CNN correspondent Omar Jimenez and two colleagues were released within an hour after network chief executive Jeff Zucker called Walz to demand answers about why they were led away and held in a police van.
"We have got to ensure that there is a safe spot for journalism to tell this story," Walz said.
Jimenez and colleagues Bill Kirkos and Leonel Mendez were doing a live shot for CNN's "New Day" shortly after 5 a.m. Central Time, describing a night of fire and anger in the wake of Floyd's death after a Minneapolis police office knelt on his neck. Fired officer Derek Chauvin was charged with murder in that case later Friday.
When first approached by officers, Jimenez, who is black, told them, "put us back where you want us. We are getting out of your way."
After being told he was being arrested and his hands were tied behind his back, Jimenez asked why he was being arrested. He did not get an answer.
The Minnesota State Patrol said on Twitter that the journalists were among four people arrested as troopers were "clearing the streets and restoring order" following the protests. The patrol said the CNN journalists "were released once they were confirmed to be members of the media."
It's not clear why they were confused: Jimenez was holding what appeared to be a laminated ID card before his hands were secured, and his fellow crew members told police that they were from CNN and showing the scene live on the air.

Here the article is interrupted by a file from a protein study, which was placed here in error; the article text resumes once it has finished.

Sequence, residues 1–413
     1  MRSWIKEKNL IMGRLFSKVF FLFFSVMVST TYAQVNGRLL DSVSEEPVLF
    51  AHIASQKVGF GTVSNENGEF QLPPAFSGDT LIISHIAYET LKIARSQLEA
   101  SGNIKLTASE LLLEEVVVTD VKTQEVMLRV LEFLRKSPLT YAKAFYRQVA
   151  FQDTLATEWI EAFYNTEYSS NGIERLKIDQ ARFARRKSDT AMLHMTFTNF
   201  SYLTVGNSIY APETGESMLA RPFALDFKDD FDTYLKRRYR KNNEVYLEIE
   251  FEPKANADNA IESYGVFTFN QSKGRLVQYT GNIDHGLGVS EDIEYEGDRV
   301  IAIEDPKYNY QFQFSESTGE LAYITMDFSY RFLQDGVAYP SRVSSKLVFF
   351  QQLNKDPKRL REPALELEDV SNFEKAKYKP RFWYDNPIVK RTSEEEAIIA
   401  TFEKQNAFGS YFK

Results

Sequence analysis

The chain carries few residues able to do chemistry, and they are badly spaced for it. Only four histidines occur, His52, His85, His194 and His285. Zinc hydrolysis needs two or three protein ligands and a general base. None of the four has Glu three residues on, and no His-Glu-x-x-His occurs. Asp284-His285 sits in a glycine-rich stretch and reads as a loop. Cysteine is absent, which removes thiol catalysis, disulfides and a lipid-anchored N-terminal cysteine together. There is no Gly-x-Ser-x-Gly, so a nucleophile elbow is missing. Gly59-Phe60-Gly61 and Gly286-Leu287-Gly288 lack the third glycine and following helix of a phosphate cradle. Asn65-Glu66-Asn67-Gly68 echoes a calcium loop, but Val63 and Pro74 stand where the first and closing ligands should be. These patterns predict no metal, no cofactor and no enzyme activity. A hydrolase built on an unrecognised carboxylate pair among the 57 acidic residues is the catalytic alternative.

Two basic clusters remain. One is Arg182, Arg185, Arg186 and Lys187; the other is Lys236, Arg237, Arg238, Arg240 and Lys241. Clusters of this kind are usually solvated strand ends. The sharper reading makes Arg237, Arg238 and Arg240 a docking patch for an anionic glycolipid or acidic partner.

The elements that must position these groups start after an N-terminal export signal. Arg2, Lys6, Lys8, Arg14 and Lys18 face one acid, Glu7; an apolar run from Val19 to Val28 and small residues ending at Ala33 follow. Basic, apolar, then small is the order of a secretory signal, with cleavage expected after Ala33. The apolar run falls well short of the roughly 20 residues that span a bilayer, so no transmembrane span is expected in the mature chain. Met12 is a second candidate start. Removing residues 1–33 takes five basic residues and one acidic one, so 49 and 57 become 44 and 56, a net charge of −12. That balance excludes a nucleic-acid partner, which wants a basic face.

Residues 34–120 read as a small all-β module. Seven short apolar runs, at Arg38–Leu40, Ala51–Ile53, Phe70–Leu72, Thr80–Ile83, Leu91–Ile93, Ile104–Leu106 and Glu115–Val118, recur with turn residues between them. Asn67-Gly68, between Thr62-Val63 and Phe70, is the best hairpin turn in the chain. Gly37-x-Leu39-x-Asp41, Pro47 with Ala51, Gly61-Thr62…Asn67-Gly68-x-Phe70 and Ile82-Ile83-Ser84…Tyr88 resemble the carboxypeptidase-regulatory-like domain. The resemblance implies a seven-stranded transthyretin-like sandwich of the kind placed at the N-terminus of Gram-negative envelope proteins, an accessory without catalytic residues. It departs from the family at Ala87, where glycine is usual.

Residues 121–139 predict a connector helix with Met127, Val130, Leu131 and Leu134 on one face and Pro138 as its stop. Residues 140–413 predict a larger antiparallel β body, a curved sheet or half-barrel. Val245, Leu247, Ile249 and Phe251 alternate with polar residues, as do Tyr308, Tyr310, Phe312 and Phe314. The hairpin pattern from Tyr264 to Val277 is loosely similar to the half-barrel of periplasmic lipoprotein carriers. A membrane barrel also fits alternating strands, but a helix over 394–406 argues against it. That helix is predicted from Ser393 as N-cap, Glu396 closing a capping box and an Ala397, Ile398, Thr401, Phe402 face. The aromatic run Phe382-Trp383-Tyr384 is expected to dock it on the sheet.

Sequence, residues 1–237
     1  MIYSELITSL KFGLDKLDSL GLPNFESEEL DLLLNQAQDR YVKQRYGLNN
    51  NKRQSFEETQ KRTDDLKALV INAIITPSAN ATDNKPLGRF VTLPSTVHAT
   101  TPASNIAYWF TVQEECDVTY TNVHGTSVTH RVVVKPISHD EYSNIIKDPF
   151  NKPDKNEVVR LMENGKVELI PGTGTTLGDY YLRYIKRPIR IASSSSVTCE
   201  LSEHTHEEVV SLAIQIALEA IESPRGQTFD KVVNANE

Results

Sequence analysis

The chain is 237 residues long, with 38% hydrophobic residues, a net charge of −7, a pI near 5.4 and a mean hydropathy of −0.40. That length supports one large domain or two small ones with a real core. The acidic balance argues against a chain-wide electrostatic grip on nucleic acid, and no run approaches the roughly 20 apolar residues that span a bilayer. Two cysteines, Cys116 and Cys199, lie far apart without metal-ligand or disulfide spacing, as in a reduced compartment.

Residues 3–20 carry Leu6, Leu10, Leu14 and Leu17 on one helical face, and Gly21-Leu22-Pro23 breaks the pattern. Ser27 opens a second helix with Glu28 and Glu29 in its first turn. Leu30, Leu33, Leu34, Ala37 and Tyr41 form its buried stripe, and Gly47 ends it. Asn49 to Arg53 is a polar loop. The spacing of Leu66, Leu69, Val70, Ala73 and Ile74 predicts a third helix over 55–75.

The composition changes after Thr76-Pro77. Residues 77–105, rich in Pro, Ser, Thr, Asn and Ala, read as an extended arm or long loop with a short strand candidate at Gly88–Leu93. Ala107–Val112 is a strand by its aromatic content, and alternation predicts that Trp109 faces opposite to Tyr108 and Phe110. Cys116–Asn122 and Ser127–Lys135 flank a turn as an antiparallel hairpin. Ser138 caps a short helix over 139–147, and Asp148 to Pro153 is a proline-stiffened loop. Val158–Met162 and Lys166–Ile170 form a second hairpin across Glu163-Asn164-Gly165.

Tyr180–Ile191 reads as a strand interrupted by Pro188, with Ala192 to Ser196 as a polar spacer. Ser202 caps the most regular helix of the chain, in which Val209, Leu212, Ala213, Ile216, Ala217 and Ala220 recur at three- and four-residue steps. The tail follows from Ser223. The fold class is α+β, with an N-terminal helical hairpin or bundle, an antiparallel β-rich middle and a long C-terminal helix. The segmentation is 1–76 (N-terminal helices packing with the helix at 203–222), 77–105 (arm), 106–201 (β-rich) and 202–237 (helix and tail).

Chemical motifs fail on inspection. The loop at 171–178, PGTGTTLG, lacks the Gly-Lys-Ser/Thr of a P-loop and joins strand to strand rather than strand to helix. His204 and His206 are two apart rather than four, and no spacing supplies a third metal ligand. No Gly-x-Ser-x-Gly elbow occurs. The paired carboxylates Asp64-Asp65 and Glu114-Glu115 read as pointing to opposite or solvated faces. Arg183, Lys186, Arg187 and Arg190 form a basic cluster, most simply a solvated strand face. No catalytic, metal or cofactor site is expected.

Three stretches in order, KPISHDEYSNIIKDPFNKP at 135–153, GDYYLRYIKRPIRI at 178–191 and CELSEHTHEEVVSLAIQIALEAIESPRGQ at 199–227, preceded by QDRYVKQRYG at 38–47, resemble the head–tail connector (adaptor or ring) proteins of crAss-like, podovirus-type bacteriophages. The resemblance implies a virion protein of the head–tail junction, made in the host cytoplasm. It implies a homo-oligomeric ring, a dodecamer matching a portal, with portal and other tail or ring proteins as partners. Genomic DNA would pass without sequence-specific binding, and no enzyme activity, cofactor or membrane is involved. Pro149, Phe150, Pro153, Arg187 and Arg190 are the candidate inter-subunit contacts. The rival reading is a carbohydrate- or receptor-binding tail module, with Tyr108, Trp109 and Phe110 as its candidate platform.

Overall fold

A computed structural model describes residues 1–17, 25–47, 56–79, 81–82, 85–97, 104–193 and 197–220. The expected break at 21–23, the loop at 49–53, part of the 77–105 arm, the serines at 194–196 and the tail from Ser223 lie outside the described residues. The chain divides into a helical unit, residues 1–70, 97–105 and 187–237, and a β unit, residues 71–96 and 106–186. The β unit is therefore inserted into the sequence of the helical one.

"I've never seen anything like this," CNN "New Day" co-anchor John Berman said.
After being released, Jimenez said that he was glad that his arrest was shown on the air.
"You don't have to doubt my story," he said. "It's not filtered in any way. You saw it for your own eyes. That gave me a little bit of comfort. But it was definitely nerve-wracking."
At a later news conference, Walz said that "I take full responsibility. There is absolutely no reason something like that should happen ... This is a very public apology to that team."
The arrest drew widespread condemnation across the news industry. CNN competitors MSNBC, CBS News and Fox News all issued statements in support of Jimenez, along with the Society of Professional Journalists and the National Association of Black Journalists.
CNN accepted Walz's apology, saying the network appreciated the sincerity of his words.
Walz's words in support of journalists have impact at a time when the news media is often under attack, said Jane E. Kirtley, Silha Professor of Media Ethics and Law and director of the Silha Center at the University of Minnesota.
"It's really important for the governor to make that kind of statement to emphasize to everyone, especially law enforcement, that the press has an important job to do ... and they need to be respected," said Kirtley, who lives blocks away from the protests and could still smell smoke from the fires on Friday.